Man can't hear in a crowded restaurant.

Sometimes when a person has a difficult time hearing, somebody close to them insultingly says they have “selective hearing”. Perhaps you heard your mother suggest that your father had “selective hearing” when she thought he was ignoring her.

But actually selective hearing is quite the ability, an impressive linguistic task executed by teamwork between your brain and ears.

The Difficulty Of Trying to Hear in a Crowd

This situation potentially seems familiar: you’re feeling burnt out from a long day at work but your friends all really would like to go out for dinner and drinks. They decide on the loudest restaurant (because it’s trendy and the food is the best in town). And you spend the entire evening straining your ears, attempting to follow the conversation.

But it’s very difficult and exhausting. This indicates that you could have hearing loss.

You think, maybe the restaurant was simply too noisy. But… everyone else seemed to be having a fine go of it. You seemed like the only one experiencing difficulty. So you begin to ask yourself: Why do ears with hearing impairment have such a hard time with the noise of a crowded room? Why is it that being able to hear in a crowd is so challenging? Scientists have begun to discover the solution, and it all begins with selective hearing.

Selective Hearing – How Does it Work?

The phrase “selective hearing” is a process that doesn’t even occur in the ears and is scientifically known as “hierarchical encoding”. The majority of this process occurs in the brain. At least, that’s in line with a new study done by a team from Columbia University.

Scientists have recognized for some time that human ears essentially work like a funnel: they collect all the signals and then send the raw information to your brain. In the auditory cortex the real work is then accomplished. Vibrations caused by moving air are interpreted by this portion of the brain into recognizable sound information.

Because of significant research with CT and MRI scans, scientists have recognized for years that the auditory cortex plays a significant role in hearing, but they were clueless regarding what those processes really look like. Thanks to some unique research techniques including participants with epilepsy, scientists at Columbia were able to discover more about how the auditory cortex functions in terms of discerning voices in a crowd.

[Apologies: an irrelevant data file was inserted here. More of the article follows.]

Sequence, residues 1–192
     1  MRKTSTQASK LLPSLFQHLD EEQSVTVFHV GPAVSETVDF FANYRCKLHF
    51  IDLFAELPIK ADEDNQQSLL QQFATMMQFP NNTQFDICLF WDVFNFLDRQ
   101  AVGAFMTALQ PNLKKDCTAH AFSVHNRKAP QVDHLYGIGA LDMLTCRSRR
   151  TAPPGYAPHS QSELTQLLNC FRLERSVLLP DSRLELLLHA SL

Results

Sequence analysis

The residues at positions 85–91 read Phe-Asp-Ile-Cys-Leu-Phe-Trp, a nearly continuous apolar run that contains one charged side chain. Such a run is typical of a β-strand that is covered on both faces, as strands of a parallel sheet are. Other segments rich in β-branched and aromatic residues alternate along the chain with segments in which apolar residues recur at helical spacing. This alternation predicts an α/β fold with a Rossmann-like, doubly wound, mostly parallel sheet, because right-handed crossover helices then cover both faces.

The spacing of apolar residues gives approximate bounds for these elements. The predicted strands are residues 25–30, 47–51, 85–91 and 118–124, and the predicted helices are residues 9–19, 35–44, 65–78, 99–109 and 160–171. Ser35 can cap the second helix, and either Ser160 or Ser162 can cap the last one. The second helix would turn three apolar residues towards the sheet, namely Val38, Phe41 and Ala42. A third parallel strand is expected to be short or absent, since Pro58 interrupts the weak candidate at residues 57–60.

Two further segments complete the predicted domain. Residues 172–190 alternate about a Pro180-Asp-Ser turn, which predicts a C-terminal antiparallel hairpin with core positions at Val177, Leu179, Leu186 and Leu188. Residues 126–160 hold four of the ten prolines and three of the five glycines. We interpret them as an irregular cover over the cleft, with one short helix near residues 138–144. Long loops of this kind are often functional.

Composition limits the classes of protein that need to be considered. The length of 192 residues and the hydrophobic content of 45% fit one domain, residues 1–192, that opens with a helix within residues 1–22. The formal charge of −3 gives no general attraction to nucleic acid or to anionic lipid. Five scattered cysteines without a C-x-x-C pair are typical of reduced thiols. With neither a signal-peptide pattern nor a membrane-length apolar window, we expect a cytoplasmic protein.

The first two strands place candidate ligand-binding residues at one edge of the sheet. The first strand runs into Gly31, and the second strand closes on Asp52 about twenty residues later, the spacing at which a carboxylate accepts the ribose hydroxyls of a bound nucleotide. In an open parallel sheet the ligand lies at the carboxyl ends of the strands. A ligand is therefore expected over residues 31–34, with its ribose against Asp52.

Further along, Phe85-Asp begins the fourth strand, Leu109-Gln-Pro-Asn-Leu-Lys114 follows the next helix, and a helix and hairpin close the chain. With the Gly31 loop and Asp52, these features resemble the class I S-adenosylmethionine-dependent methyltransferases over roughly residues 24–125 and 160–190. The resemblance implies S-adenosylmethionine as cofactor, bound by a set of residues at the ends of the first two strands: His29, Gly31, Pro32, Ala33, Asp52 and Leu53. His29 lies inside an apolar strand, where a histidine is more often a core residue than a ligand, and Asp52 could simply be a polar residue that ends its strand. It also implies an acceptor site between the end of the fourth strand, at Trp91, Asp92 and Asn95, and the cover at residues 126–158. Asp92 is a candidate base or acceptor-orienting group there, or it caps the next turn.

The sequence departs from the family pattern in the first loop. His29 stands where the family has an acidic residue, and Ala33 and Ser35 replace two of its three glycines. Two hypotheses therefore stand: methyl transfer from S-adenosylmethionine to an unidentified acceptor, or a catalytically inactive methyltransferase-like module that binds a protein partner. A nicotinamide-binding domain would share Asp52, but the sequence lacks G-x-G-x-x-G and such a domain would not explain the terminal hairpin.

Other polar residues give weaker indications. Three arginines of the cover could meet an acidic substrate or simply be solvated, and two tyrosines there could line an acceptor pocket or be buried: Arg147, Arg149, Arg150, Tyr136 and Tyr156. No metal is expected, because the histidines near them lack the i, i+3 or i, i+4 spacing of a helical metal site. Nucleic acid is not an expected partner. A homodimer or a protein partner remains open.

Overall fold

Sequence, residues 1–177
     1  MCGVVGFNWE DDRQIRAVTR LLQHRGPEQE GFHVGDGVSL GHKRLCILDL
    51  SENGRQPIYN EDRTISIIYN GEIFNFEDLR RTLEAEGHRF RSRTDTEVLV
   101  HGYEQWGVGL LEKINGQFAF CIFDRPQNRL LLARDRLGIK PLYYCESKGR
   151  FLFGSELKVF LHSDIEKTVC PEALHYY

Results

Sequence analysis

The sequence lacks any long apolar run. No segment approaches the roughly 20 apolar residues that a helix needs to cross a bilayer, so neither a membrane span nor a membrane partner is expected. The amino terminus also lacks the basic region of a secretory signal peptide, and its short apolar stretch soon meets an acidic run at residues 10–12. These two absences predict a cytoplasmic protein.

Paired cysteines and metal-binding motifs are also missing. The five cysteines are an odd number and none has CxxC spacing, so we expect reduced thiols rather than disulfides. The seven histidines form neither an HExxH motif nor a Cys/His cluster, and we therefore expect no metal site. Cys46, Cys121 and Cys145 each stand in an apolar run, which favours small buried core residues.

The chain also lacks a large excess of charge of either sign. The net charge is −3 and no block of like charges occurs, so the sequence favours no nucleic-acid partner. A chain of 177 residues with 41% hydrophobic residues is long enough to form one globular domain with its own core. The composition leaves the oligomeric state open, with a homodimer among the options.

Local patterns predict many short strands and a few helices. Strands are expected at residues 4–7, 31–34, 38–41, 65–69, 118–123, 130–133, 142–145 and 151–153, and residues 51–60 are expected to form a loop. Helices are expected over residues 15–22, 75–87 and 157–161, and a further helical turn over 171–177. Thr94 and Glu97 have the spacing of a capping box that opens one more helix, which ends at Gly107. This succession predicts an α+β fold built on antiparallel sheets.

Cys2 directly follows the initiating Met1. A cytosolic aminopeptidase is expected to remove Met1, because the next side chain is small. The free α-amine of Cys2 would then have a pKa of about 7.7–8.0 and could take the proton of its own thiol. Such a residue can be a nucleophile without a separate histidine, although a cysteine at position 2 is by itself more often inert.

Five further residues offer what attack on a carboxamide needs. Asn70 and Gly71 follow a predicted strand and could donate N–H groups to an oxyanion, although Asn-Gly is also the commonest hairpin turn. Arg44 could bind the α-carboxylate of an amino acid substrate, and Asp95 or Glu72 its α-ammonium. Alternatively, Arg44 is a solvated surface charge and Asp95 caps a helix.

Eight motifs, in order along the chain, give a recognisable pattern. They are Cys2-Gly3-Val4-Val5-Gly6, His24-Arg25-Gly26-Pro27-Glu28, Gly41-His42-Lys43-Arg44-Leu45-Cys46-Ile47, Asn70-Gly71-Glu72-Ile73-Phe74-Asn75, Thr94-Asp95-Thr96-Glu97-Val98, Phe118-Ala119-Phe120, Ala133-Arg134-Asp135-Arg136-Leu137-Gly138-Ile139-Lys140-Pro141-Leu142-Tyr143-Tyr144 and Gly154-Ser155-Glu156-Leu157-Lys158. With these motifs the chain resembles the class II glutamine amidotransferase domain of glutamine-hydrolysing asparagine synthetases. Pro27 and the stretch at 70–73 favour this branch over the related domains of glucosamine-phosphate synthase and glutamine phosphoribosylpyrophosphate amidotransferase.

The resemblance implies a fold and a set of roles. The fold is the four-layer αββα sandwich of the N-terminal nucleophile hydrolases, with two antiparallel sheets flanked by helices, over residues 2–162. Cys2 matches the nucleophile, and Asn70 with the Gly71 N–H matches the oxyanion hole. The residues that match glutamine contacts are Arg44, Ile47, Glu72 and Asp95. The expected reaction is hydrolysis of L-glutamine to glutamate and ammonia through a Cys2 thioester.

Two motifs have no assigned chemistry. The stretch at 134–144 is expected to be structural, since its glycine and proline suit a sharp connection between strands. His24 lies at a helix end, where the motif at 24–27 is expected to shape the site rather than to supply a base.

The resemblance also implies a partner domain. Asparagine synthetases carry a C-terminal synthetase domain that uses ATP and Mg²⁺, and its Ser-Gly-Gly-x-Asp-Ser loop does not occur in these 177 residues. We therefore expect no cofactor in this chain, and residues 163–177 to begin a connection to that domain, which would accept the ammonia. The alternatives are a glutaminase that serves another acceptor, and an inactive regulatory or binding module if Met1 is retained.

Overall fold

The Hierarchy of Hearing

And here’s what these intrepid scientists discovered: most of the work performed by the auditory cortex to isolate particular voices is accomplished by two separate parts. And in loud settings, they enable you to isolate and intensify particular voices.

  • Superior temporal gyrus (STG): At some point your brain will need to make some value based decisions and this occurs in the STG once it receives the voices which were previously differentiated by the HG. Which voices can be freely moved to the background and which ones you want to focused on is determined by the STG..
  • Heschl’s gyrus (HG): The first sorting phase is taken care of by this region of the auditory cortex. Researchers found that the Heschl’s gyrus (we’re simply going to call it HG from here on out) was breaking down each distinct voice, classifying them via unique identities.

When you start to suffer with hearing damage, it’s harder for your brain to identify voices because your ears are lacking certain wavelengths of sound (low or high, based upon your hearing loss). Your brain isn’t given enough data to assign separate identities to each voice. As a result, it all blurs together (which makes discussions tough to follow).

A New Algorithm From New Science

Hearing aids currently have functions that make it less difficult to hear in loud environments. But hearing aid manufacturers can now incorporate more of those natural functions into their algorithms because they have a better concept of what the process looks like. For instance, hearing aids that do more to distinguish voices can assist the Heschl’s gyrus a little bit, leading to a better capacity for you to understand what your coworkers are talking about in that loud restaurant.

Technology will get better at mimicking what takes place in nature as we uncover more about how the brain functions in conjunction with the ears. And better hearing outcomes will be the outcome. That way, you can focus a little less on straining to hear and a little more on enjoying yourself.

The site information is for educational and informational purposes only and does not constitute medical advice. To receive personalized advice or treatment, schedule an appointment.
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